In order for a contract to be legally enforceable in North Carolina, the parties must agree to the essential terms of the agreement.  In a recent case decided by the North Carolina Court of Appeals involving a service contract, two homeowners sued a landscaper for breach of contract and other claims.  Rider v. Hodges, No….

North Carolina law provides that “[u]nfair methods of competition in or affecting commerce, and unfair or deceptive acts or practices in or affecting commerce, are declared unlawful.”  N.C.G.S. § 75-1.1(a).  Lawsuits under § 75-1.1 are commonly referred to as claims under the Unfair and Deceptive Trade Practices Act, or “UDTPA.” To establish a UDTPA claim,…

What if you or your business entered a contract and the other party did not live up to its end of the bargain?  You may consider filing a lawsuit for a breach of contract.  While there are several questions to consider (did a valid contract exist, did the contract need to be in writing, did…

Many individuals and businesspeople ask if their contracts must be in writing to be legally enforceable.  The answer in North Carolina is that “it depends.”  It depends on the subject of the contract, the monetary value, and, in some cases, the length of time the contract is in existence.  Whether or not a contract must…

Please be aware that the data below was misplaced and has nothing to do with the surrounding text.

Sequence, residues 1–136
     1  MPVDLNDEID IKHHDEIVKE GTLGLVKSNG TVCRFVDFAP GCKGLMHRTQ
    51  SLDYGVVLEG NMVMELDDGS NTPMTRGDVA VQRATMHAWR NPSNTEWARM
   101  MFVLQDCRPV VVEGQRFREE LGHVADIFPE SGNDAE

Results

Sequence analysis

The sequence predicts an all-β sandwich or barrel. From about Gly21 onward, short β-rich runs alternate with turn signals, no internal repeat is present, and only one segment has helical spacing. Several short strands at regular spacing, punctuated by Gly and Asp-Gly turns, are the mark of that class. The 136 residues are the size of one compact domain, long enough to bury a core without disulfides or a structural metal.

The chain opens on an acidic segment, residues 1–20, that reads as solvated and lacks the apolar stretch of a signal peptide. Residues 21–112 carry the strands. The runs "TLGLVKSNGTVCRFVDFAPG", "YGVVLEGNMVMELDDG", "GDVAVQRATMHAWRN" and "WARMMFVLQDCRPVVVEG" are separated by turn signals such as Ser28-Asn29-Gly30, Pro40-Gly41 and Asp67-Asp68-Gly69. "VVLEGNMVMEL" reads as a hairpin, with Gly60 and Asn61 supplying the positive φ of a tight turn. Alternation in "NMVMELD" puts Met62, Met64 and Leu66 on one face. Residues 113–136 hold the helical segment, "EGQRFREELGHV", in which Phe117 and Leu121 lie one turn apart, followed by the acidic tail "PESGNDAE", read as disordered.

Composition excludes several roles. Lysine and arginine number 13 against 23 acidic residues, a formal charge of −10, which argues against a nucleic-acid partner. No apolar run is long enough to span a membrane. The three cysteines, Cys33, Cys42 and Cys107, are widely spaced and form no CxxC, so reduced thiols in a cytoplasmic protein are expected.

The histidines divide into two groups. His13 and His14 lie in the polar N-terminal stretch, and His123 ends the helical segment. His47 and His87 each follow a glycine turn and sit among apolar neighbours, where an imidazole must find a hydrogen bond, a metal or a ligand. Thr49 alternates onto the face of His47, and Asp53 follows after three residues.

Also known as a “doing business as” (DBA) filing, North Carolina law requires businesses to file a Certificate of Assumed Name under certain circumstances.  The law requires that, with certain exceptions, any “person, partnership, limited partnership, limited liability company, or corporation” that engages in business under an assumed name must file a Certificate of Assumed…

Here are 10 steps that North Carolina business owners may take to reduce the risk of personal liability in owning a business: Establish a legal entity. Sign contracts in the name of the legal entity. Follow corporate formalities, as required by law. Keep business bank accounts separate from personal bank accounts. Obtain all necessary business…

Employees who have signed, or have been asked to sign, a non-compete agreement (also known as a noncompetition agreement or covenant not to compete) want to know if those agreements are enforceable.  The answer in most cases is: “it depends.” In North Carolina, a “valid noncompetition agreement entered into in the employer-employee context must be…

In Copypro, Inc. v. Musgrove, No. COA13-297 (N.C. App. Feb. 4, 2014), an employer (Plaintiff) sued its former employee (Defendant) for allegedly breaching a noncompetition agreement, also known as a covenant not to compete. The facts of the case were that the Defendant worked as a salesperson for Plaintiff in the office equipment business.  When he…

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